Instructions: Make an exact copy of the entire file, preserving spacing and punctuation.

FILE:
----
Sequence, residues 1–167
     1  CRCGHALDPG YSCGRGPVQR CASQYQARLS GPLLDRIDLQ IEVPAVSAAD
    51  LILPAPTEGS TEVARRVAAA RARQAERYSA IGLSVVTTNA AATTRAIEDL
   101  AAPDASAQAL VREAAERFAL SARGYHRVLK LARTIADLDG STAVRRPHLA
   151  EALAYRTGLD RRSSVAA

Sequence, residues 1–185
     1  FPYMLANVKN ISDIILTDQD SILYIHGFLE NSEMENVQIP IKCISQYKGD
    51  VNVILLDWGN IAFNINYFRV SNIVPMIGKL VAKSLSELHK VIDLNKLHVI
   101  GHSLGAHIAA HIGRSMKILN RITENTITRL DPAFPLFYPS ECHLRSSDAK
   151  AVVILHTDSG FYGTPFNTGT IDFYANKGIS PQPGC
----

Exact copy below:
Sequence, residues 1–167
     1  CRCGHALDPG YSCGRGPVQR CASQYQARLS GPLLDRIDLQ IEVPAVSAAD
    51  LILPAPTEGS TEVARRVAAA RARQAERYSA IGLSVVTTNA AATTRAIEDL
   101  AAPDASAQAL VREAAERFAL SARGYHRVLK LARTIADLDG STAVRRPHLA
   151  EALAYRTGLD RRSSVAA

Sequence, residues 1–185
     1  FPYMLANVKN ISDIILTDQD SILYIHGFLE NSEMENVQIP IKCISQYKGD
    51  VNVILLDWGN IAFNINYFRV SNIVPMIGKL VAKSLSELHK VIDLNKLHVI
   101  GHSLGAHIAA HIGRSMKILN RITENTITRL DPAFPLFYPS ECHLRSSDAK
   151  AVVILHTDSG FYGTPFNTGT IDFYANKGIS PQPGC